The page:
As you search for a Canadian franchise, one piece of...
Franchising in Canada is governed provincially rather than federally, and where franchise legislation exists, its primary purpose is to allow franchisees to make informed decisions regarding the purchase and operation of a franchise in those provinces.
Even if you are not within a province where legislation exists, it is worth understanding its purpose and evaluating whether you should take anything covered by legislation into account to protect yourself and to ensure that you remain on a sound legal footing when undertaking any work in relation to your new business venture.
The most critical obligation of a franchise is the duty of disclosure, whereby franchisors must provide prospective franchisees with a franchise disclosure document at least two weeks prior to the franchisee signing any agreements or making any payments.
The franchisee is also entitled to a cooling-off period of 60 days from receipt of the franchise disclosure document. This means that even if they have already made a payment, they have the right to have that money returned should any of the information provided in the disclosure document cause them to change their mind about becoming a franchisee.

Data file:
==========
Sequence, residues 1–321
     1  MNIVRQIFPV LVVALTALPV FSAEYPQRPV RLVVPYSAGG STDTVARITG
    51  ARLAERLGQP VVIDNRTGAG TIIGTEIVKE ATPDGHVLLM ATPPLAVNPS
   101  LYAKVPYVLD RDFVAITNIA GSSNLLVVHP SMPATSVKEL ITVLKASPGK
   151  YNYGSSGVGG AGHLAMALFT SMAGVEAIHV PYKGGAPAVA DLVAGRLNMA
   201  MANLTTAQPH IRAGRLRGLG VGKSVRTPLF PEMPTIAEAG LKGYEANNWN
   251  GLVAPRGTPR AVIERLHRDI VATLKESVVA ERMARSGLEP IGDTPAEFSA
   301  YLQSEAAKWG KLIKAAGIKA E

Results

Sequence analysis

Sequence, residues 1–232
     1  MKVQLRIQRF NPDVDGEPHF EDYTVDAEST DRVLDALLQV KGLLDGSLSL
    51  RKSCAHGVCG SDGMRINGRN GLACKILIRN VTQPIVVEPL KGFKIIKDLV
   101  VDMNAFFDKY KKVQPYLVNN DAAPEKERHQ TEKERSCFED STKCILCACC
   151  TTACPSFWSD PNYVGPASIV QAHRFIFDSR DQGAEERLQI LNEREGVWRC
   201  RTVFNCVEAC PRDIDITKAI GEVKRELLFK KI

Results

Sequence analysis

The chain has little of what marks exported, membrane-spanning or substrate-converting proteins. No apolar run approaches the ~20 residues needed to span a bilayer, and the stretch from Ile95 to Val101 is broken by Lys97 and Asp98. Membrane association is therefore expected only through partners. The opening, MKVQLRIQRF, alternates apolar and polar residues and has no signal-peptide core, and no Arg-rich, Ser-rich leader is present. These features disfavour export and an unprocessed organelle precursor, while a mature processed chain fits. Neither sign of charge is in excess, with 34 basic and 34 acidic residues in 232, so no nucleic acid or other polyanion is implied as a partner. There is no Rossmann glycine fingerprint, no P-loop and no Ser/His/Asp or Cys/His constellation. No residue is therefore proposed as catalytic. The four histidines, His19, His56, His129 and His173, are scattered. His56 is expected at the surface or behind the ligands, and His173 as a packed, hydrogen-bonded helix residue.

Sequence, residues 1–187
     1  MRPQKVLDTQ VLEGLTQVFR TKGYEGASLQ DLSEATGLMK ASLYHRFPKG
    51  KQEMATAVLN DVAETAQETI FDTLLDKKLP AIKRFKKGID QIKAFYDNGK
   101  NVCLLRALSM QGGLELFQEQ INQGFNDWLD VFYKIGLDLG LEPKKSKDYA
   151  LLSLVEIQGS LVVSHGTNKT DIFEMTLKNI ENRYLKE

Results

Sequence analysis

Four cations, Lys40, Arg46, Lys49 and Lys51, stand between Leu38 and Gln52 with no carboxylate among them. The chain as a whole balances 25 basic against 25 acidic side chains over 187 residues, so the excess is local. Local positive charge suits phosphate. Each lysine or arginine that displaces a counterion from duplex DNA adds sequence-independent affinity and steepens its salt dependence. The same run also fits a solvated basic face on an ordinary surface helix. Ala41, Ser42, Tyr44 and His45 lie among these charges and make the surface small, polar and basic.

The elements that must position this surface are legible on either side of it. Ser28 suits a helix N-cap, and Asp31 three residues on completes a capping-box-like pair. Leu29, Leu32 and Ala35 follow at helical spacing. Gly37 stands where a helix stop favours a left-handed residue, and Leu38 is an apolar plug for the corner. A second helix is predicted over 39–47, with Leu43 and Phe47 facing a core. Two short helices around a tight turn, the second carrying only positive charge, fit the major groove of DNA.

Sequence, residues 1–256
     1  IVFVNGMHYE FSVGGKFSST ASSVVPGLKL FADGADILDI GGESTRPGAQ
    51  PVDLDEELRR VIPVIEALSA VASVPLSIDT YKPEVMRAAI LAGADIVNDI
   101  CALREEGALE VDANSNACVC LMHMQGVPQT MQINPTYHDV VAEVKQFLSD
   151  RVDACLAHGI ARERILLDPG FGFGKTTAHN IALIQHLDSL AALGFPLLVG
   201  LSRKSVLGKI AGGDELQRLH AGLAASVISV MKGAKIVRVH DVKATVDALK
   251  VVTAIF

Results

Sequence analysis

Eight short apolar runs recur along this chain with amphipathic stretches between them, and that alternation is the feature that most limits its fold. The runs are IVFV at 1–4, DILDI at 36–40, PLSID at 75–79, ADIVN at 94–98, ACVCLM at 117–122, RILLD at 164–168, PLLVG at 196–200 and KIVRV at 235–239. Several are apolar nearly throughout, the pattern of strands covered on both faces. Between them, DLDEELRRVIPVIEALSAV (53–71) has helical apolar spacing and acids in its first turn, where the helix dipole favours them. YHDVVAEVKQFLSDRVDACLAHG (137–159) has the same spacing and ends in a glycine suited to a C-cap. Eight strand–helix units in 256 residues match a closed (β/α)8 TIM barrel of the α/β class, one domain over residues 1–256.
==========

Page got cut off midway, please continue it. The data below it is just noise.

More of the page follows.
If a franchise disclosure document is not provided, a franchisee may change their mind and rescind a franchise agreement within two years of signing it, so it is in the best interests of both the franchisor and franchisee to have a disclosure document in place and available prior to any contracts being signed or money changing hands.
Franchise disclosure documents are live documents and must be updated whenever a material change comes into effect, and this must be communicated to all franchisees, both existing and prospective, as soon as practicable after the change occurs.
Canadian legislation also allows franchisees to form or join an association of franchisees and associate with other franchisees.
It is useful to note that all franchisees that are members of the Canadian Franchise Association must have a franchise disclosure document that is compliant with all relevant regulations for all jurisdictions in which they operate or plan to operate in the future.
Membership in the Canadian Franchise Association adds a level of credibility and professionalism to franchises and provides education, networking and lead generation services to its members. Members also have to comply with the Association's Code of Ethics, which also prohibit discrimination based on any protected factors.
We therefore urge you to carefully consider your options before you progress an application to become a franchisee of an organization that is not a member of the Canadian Franchise Association.